Bless Me Father for I have Sinned

I recently participated in the Sacrament of Reconciliation,  beginning my confession in traditional fashion, “In the name of the  Father, and of the Son, and of the Holy Spirit. Amen. Bless me  Father for I have sinned. My last confession was [insert amount of  time].” 

But this time my next line was different. “My predominant fault  is ______.” I named it. I confronted it. I called it out. It was the next step in my personal journey towards freedom.  

Each one of us has a predominant fault, a weakness within us that tends to be more prevalent than the others. Each person may have a different struggle. One may have intense battles with lust while the other is consumed with greed. Another may struggle with an all-consuming pride on his or her climb up the corporate ladder, while yet another may toil with a vision-less apathy that borders on sloth. It’s important to understand that we don’t all trod the exact same pathway towards freedom.  

“Go in to Pharaoh, and say to him...“Let my people  go…”(Exodus 9:1). In a very specific, tangible and personal way, I  confronted Pharaoh. I went face-to-face with the deep-seated source of my bondage. Now don’t get me wrong, knowing it and naming it did not instantly grant me outright and efficacious freedom (just ask the Israelites!), but it was a huge step in the right direction. This concept of discovering your predominant fault has been a part of the rich history of spirituality within the Church for centuries. Nonetheless, only recently did I discover the phrase  “naming your Pharaoh” in Fr. Dave Pivonka’s book “Spiritual  Freedom,” and absolutely love it! 

Now let’s take a step back for a moment. There are enemies in the spiritual life and regrettably, we are born with an innate impulse towards them. Newsflash – we bear a tendency and propensity towards sin! It’s known as concupiscence, and the more we give into it, the more power it has in our lives. “For all that is in the world,  the lust of the flesh and the lust of the eyes and the pride of life, is not of the Father but is of the world” (1 John 2:16).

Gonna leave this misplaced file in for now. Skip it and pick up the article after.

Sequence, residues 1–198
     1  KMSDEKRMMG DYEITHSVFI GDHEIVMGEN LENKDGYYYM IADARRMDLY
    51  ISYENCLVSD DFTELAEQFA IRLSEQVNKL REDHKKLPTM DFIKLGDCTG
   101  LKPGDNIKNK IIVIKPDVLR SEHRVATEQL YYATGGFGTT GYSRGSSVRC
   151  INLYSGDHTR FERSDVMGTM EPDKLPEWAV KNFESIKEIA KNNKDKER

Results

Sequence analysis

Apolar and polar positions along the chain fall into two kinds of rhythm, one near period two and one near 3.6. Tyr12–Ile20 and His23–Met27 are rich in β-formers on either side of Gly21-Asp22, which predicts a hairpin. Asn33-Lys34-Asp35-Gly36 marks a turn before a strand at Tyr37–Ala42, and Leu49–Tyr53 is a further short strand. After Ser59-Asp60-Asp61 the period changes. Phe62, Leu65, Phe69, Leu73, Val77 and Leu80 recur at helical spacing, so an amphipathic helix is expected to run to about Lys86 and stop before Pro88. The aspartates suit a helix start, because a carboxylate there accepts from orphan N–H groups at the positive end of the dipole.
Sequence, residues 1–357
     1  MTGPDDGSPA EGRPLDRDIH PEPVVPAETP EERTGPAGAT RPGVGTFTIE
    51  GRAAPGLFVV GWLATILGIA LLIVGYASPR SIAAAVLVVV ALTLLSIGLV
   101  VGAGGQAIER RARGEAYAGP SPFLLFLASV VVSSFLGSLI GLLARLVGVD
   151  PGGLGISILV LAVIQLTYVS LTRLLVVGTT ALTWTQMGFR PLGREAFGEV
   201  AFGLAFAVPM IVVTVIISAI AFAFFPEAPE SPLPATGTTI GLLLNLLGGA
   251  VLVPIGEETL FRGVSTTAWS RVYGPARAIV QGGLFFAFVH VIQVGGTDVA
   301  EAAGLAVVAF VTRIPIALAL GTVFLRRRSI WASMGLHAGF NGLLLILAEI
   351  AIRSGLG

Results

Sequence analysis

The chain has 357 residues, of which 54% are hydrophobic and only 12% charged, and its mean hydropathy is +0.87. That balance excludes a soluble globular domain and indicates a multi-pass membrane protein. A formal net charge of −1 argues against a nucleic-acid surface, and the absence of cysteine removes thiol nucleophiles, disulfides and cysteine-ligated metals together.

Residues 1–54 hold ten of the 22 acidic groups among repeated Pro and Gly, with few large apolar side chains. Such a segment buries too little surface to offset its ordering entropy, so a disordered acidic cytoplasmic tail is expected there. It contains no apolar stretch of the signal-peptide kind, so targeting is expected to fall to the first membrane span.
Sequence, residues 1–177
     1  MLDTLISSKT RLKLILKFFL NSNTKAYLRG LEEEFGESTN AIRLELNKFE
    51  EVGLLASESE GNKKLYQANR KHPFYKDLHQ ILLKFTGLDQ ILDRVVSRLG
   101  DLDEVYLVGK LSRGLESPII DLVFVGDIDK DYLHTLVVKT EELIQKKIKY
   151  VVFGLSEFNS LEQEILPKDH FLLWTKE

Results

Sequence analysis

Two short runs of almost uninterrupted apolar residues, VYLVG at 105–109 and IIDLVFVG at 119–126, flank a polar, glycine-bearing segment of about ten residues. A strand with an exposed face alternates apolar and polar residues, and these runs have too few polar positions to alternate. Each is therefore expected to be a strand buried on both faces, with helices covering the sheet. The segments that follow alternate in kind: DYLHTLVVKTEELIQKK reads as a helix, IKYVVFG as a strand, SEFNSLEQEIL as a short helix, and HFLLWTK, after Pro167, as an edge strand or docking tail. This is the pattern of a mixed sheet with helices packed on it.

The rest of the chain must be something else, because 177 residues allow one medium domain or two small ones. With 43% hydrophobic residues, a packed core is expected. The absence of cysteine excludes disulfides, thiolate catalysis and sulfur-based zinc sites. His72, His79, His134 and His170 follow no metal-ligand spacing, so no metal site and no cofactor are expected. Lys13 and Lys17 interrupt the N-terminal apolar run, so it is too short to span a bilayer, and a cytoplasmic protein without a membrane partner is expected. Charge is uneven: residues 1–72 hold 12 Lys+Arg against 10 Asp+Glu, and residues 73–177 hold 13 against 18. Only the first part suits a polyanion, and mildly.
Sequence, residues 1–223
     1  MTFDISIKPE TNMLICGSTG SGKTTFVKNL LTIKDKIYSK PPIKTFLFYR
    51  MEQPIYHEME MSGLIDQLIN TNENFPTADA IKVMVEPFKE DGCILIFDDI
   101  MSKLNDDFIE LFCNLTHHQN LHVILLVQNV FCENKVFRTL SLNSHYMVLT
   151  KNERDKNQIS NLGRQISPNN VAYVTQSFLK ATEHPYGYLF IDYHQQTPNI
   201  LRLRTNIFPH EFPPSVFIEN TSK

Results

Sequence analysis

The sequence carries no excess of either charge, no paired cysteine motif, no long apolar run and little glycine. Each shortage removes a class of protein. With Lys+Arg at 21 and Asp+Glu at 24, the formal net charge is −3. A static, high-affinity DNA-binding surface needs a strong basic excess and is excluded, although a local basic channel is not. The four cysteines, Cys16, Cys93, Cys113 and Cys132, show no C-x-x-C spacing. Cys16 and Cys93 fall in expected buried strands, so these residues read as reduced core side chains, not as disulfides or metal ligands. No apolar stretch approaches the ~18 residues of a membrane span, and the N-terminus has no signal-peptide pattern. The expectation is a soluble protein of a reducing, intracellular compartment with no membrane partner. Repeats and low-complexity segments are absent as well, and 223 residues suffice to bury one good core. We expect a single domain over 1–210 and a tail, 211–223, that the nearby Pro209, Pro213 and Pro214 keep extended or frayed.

The flesh, the world and the devil; three areas that give us the most trouble. They are the big three; the three-headed monster so to speak. Properly speaking, these are our greatest enemies because they simultaneously separate us from God, separate us from the desires of our heart and enslave us to sin. While it’s true that you and I did not personally choose to receive original sin, we certainly are guilty for choosing to sin through our own free will. We can’t just blame Adam and Eve; we have all taken a bite from the forbidden fruit at one time or another. 

If you are in a war, you have to know your enemies intimately and with great detail. Identifying who or what you are up against and building a clear and winning strategy is essential to enduring a  positive outcome. Does anyone ever win a war by merely playing defense, continually retreating and building up walls while the enemy surrounds you from every direction? While maintaining a  defensive stature and position is key, you must also go on the offensive and attack! As we continue the journey, we will learn both offensive and defensive maneuvers, but knowing our enemy must come first. It’s mission critical. We shall target the very source of our bondage and then confront it with the same passion and potency as Moses did with Pharaoh.  

Imagine knowing the source of your bondage with clarity and then establishing a plan to build strength specifically in that area.  What difference would that make? Tomorrow our three enemies will turn to seven (the seven deadly sins) and things will get even more personal. But before we go there, I would like to tell you the second half of my confession story with the good and wise priest. Father said, “Now I will give you the secret to the spiritual life. You must understand these (your sins) as enemies. You must understand you are at war against these enemies. But don’t beat yourself up over these. Instead, with Christ, you must fight against them, not against yourself. In order to win a war, a soldier should  never go into battle with self-inflicted wounds.”  

This advice is beyond wise – it’s pure gold! Don’t allow your sins or your bondage to lead you to lose hope and despair.  Despondency is a straight shot from the enemy on the battlefield for your soul. If you know your enemy, have Christ at your side, infused with the desire for authentic freedom and the willpower to fight, you are well on your way to winning the war. The battles won’t be easy, but looking back you will reflect upon and find pleasure in the greatest and most fruitful adventure of your life.

“For the creation waits with eager longing for the revealing of the sons of God...because the creation itself will be set free from its bondage to decay and obtain the glorious liberty of the children of  God...and not only the creation, but we ourselves … What then shall we say to this? If God is for us, who is against us? He who did  not spare his own Son but gave him up for us all, will he not also  give us all things with him?” (Romans 8:19-32)